I have experienced something in my career that is by no means unique to me. When a project goes wrong and there is a real struggle to hit a deadline, things that are supposedly important get pushed aside for the temporary expedience of hitting that deadline.

Hitting a deadline is important, but so is having a quality standard, so is having principles, ethics, and most of all so is having the respect of your team.

When you slip a deadline, you are letting down your client or whoever you are shipping for, but when you put your team in a crunch time situation, you are letting your team down.

Working late nights, pushing the team to work faster, and allowing quality standards to slip is disrespectful to the craftsmen that you work with. It basically says that their long term well being is not as important as the short term well being of the client.

More importantly, when you push a team hard to hit a deadline, you are putting the long term well being of the client at risk for the short term gain of hitting the deadline.

Why do I say that? Well, what happens when you push hard for a deadline? Your team works more hours, this is obviously unsustainable, but in the sort term it seems like a good idea right? No, it’s not. Not even close.

I’ve personally seen co-workers who loved a project start to hate it because they put in too many hours and got burnt out. It was bad enough for them to switch jobs. I’ve seen other people work enough that I’m surprised they didn’t switch jobs. They certainly didn’t enjoy the job they had at the time.

I generally enjoy my work, but I’ve been pushed past the breaking point before. It makes you start to look around and wonder what else is out there. Even if you usually love your job, long hours and terrible deadlines on a regular basis make you start to think that working at a more boring job with no deadlines would be better than working at a job that doesn’t have a certain level of respect for your time.

This pattern of burning out employees and having significant turnover is something I think I’ve seen at just about every place I’ve worked in some form or another. Even at the best places to work, there is a very real lack of awareness of this issue, even though they struggle constantly to keep employees for more than a couple years.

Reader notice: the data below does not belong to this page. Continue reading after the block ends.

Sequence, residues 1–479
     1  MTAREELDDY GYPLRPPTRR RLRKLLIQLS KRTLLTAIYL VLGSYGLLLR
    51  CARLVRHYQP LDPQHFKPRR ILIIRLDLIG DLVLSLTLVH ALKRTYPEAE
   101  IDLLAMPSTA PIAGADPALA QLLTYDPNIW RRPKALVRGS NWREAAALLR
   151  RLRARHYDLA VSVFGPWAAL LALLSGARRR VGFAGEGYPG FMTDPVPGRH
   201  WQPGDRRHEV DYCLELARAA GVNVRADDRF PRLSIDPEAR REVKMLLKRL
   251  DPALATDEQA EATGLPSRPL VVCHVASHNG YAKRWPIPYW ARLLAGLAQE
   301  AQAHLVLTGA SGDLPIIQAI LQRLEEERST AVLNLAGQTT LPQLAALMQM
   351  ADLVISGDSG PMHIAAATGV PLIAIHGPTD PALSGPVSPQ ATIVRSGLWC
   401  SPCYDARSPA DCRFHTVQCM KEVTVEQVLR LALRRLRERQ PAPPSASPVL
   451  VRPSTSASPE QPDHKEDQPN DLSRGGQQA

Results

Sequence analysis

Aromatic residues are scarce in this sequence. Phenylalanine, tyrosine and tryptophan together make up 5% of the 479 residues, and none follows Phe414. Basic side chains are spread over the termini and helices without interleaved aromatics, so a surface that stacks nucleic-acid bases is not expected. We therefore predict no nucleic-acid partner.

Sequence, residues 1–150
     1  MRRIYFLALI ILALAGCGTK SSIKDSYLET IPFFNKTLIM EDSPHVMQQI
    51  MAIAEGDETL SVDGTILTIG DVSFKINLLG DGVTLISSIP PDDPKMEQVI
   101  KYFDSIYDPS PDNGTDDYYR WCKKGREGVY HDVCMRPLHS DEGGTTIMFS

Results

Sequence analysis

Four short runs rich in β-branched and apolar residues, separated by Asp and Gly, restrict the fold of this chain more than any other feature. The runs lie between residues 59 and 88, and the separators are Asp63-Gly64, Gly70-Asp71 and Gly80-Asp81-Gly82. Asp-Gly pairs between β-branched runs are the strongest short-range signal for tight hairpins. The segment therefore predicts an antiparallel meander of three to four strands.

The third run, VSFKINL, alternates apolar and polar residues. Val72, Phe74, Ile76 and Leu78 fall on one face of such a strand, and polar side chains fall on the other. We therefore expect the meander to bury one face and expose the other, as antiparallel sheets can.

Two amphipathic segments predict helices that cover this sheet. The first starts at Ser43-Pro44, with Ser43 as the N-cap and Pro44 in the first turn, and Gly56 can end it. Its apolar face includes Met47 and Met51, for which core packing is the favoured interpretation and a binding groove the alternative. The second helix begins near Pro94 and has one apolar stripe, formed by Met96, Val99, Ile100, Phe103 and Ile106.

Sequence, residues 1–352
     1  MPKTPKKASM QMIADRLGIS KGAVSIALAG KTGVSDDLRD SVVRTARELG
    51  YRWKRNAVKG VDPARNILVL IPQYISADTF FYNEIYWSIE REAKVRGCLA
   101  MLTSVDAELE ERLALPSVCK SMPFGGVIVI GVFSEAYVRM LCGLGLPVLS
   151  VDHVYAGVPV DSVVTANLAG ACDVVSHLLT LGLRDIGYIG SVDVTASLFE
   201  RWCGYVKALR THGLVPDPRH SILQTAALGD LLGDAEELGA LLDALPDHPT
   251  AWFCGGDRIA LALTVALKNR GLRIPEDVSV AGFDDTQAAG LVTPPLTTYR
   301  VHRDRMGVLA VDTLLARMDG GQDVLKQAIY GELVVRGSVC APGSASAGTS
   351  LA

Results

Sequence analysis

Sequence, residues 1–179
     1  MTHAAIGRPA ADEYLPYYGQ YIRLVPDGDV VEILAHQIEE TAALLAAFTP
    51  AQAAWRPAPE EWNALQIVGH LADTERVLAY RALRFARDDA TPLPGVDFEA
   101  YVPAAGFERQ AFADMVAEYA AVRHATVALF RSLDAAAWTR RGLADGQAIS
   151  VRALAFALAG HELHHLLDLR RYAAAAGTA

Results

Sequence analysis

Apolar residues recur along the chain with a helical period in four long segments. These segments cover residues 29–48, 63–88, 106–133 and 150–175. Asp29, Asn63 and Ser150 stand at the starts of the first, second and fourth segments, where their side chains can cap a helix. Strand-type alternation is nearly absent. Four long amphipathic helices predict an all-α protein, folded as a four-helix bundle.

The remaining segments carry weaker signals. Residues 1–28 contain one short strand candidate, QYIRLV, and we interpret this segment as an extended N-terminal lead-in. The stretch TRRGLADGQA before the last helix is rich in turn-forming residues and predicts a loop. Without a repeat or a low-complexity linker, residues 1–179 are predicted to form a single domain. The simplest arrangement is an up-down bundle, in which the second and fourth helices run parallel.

Now, if you care about your clients or the company you work for, you need to understand that losing great employees every couple years is not good for the long term viability of either. Every time you lose someone you aren’t losing their skill, you are losing their project knowledge, which in some cases is basically impossible to replace with a new hire.

Burnout is not the only reason why pushing hard towards a deadline is a bad idea. Quality standards seem to always slip when a deadline comes around. In software, the first set of things to go are quality related, things like unit tests, QA testing, and so on are instantly devalued when a deadline comes up.

I say this because I’ve seen this happen over and over again. Deadlines happen, quality suffers, and project managers don’t seem to connect the dots until it is too late.

Quality problems are rarely short-term either. Once you start shipping low quality code using a low quality process, that becomes the standard.

Now, this is not a malicious march toward low quality software. No, in almost every case I remember people saying things like, “We will go ahead and write those tests in the next sprint when we have more time.” or, “We’ll get back to test driven development once we get past this big milestone.”

Do teams really go back and write those tests and get back to their previous quality standards on code that they already shipped? What do you think?

In my experience, the answer is no because as soon as things are shipped, the #1 priority is either fixing bugs or building the next feature. During the bug fixing process, rarely is a test suite added, because you’ve already written the feature, why write the tests after the fact? When you move on to the next feature you basically forget about the previous one.

In either case, quality standards slip and very rarely are they ever restored. Instead, programmers are human and the code becomes the new quality standard. How?

Well, it sits around and when the next programmer comes along, there is no flag saying this code is terrible and needs tested and/or replaced. Nope, instead the code probably looks reasonable and will be used as an example, copy/pasted, etc.

You might not think that your coding standards or quality standards are some document sitting in a wiki or something, but in reality the code that you have today is your quality standard. Let that sink in for a minute.

The code you have today is your quality standard.

So, when you cut corners and skip out on silly little things like design, testing or quality assurance, your quality standard goes down instantly.